But that only takes into account intellectual testing, not opportunity or interference.
If kid A comes home to a nanny, their own room, a computer with unlimited application opportunities, possibly a tutor, etc ... , they will do better than kid B with the exact same learning capacity, but has to come home to a shared bedroom, poor lighting (or no lighting if the power was just turned off), dreams of buying a computer that doesn't take 8 years to boot, no useful software, a sibling screaming for their turn, etc. ....
Not much different than the physical where my swim team mate goes home to a pool and I do not. I was better because of natural ability, but they would get to work on problem areas on a whim. In other words, an easier ability to do homework.
There seems to be a divide where the disadvantage want to disadvantage the advantaged to *even* the playing field. Then you have the advantaged swearing they just put the effort in, but completely denying their are advantages are just that. Both seem like the wrong answer to me.
The disadvantaged shouldn't request the ceiling to lower, but the floor to rise.
Not criticizing your opinion here, but as a general rule, I approach broad statements that use terms like "advantaged" and "disadvantaged" as just as useless as "Republican" and "Democrat" or "Red State" and "Blue State". There are too many variables to talk about it so easily.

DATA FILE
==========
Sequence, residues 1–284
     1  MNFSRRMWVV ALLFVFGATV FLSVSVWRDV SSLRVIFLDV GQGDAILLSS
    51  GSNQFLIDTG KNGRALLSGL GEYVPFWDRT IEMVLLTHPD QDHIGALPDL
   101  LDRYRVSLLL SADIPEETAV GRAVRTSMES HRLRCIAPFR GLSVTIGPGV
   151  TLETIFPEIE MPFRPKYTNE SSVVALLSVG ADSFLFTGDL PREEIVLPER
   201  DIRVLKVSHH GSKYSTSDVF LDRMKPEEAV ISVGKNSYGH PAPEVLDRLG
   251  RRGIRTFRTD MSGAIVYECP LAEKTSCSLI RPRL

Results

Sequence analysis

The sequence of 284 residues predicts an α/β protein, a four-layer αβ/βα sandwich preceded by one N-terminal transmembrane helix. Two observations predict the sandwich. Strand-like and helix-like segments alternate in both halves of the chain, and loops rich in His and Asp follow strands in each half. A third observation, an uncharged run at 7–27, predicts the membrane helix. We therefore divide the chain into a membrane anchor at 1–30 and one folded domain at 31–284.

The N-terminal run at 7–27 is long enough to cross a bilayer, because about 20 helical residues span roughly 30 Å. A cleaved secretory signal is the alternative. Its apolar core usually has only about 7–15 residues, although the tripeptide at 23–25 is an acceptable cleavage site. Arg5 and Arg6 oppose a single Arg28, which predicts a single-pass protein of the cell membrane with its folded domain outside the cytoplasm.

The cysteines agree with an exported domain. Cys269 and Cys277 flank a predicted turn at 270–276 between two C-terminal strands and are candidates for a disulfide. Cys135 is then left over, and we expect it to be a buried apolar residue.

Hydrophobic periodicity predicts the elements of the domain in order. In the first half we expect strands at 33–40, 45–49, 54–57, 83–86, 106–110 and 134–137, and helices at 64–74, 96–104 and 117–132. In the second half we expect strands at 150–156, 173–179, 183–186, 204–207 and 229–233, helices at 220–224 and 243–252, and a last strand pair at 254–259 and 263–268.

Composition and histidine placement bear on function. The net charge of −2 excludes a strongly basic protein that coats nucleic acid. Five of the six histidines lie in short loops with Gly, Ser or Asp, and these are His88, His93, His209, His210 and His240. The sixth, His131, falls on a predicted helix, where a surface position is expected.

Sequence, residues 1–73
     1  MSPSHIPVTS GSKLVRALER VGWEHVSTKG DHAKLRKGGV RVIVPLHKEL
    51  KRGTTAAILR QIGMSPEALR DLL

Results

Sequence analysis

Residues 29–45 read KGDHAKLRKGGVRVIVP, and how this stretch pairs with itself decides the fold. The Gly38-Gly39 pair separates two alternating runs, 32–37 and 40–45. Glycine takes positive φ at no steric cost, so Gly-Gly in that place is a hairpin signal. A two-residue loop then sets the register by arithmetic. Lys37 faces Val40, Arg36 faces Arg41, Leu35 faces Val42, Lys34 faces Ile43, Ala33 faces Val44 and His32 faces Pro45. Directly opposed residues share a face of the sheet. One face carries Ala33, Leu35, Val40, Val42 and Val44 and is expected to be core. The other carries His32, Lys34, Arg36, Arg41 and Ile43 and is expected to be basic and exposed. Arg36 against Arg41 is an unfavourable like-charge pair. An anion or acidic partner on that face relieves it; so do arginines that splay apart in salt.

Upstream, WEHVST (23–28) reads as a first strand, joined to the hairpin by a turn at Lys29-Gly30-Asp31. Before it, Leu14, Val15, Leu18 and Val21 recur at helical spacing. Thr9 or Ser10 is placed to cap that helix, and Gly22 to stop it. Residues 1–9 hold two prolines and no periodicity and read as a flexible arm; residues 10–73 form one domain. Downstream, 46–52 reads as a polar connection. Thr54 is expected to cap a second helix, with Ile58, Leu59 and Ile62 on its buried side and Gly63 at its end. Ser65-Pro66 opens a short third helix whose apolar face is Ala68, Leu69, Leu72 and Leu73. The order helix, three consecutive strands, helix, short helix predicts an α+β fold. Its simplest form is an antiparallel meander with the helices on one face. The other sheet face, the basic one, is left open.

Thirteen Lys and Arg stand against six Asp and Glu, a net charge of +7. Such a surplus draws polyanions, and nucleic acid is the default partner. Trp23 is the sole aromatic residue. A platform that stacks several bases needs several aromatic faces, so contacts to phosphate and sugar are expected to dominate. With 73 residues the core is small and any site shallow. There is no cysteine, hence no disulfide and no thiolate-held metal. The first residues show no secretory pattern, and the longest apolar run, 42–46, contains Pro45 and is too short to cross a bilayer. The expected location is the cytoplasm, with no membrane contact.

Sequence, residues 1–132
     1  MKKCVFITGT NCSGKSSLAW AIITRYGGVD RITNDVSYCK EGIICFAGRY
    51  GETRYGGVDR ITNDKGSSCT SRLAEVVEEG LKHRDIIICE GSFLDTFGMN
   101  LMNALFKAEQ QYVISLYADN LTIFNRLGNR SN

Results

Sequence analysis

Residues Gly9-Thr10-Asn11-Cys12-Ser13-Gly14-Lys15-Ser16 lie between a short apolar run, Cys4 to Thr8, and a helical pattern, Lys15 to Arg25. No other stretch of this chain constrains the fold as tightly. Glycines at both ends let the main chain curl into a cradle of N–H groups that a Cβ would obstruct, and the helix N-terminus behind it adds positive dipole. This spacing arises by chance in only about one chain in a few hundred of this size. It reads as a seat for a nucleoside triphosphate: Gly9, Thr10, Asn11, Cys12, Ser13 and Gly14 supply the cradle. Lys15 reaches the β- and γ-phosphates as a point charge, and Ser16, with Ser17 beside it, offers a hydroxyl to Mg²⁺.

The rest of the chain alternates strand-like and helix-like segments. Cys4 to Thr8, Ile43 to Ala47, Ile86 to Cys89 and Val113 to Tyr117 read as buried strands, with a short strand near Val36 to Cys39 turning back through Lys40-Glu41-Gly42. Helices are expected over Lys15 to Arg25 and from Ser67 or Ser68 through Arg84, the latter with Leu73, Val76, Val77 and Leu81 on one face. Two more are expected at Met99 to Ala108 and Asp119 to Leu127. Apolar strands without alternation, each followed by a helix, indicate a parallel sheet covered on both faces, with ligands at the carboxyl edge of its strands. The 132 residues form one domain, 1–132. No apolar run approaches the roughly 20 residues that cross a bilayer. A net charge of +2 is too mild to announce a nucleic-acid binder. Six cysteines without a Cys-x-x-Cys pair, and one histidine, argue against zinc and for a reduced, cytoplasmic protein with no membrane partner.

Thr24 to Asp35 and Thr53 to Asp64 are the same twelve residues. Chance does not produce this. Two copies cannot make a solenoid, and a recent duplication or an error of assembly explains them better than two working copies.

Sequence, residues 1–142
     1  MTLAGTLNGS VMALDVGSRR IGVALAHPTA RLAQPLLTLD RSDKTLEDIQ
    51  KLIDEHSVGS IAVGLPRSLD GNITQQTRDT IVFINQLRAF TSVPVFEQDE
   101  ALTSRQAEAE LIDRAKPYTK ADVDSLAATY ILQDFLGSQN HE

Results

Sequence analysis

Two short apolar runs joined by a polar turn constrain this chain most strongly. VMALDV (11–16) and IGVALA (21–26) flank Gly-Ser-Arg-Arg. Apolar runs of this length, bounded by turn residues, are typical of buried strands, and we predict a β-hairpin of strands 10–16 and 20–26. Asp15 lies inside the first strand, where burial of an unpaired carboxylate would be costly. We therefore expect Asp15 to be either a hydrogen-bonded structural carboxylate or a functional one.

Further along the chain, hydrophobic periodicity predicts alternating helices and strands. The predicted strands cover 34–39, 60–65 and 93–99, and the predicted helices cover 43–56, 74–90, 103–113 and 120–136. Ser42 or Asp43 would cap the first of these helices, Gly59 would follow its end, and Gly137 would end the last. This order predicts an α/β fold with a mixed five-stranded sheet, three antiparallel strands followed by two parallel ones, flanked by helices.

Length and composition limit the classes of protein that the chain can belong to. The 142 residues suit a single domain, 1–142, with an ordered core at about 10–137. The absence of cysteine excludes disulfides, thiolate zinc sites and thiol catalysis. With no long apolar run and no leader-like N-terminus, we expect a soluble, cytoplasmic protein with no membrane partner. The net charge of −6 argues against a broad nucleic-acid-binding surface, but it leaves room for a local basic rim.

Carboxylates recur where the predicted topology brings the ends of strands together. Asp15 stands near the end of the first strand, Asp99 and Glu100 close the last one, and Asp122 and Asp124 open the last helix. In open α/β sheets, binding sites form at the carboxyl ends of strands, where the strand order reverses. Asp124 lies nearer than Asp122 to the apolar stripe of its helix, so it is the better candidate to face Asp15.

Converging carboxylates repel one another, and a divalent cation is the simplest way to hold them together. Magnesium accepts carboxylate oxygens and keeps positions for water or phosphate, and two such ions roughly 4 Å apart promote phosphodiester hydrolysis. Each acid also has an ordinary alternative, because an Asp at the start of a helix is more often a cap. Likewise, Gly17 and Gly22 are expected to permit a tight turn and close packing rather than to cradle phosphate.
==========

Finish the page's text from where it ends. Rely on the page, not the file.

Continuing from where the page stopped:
We cannot, I don't think, conflate these so readily. Does it really matter if someone is reading Harry Potter on a latest gen iPad, or from a tattered paperback? I don't think so. Nor can we make false excuses. I don't think, when man has been reading by candlelight from parchment for tens of thousands of years, now say that "Well Johnny doesn't have a computer, no WONDER he's a dumbass!". Yes, I understand that if a curriculum requires internet access, there will be advantages to those that have a computer versus ones that don't. But I think where we set the expectation, where we set the line, matters in these discussions. And the Bernie mindset is "no line on the horizon" (thanks, Bono). The fact is, when we say "all men are created equal" it doesn't mean that "we all have laptops". It means that the rights that are granted under the Constitution are the same for all.
I think the other thing we've lost sight of - which is ironic in this day and age of the credit card, and skyrocketing personal debt - is the value of non-monetary currency. We've gotten to the point where the buzzword is "Get Paid!" but we don't really know what that means. I know for most of the jobs I've ever been involved in hiring, the point of having a college degree isn't specifically that "you took Sociology 201 and therefore know how to implement a subliminal advertising program", or "Why I see you have Statistics 237; you're going to run our Six Sigma Program!" Hey ho! It IS however, a measure of your perseverance. A measure of your ability to respond to the varying and disparate needs of 40 some-odd professors, and figure out a way to meet those needs to a moderate (at least) degree of satisfaction. Just like, incidentally, you do in work when you have stakeholders. It is also a measure of value; you clearly thought highly enough to further yourself in an objective, uniform environment (as opposed to taking advantage of a subjective "learn on the job" from a guy who may or may not be capable in what he does).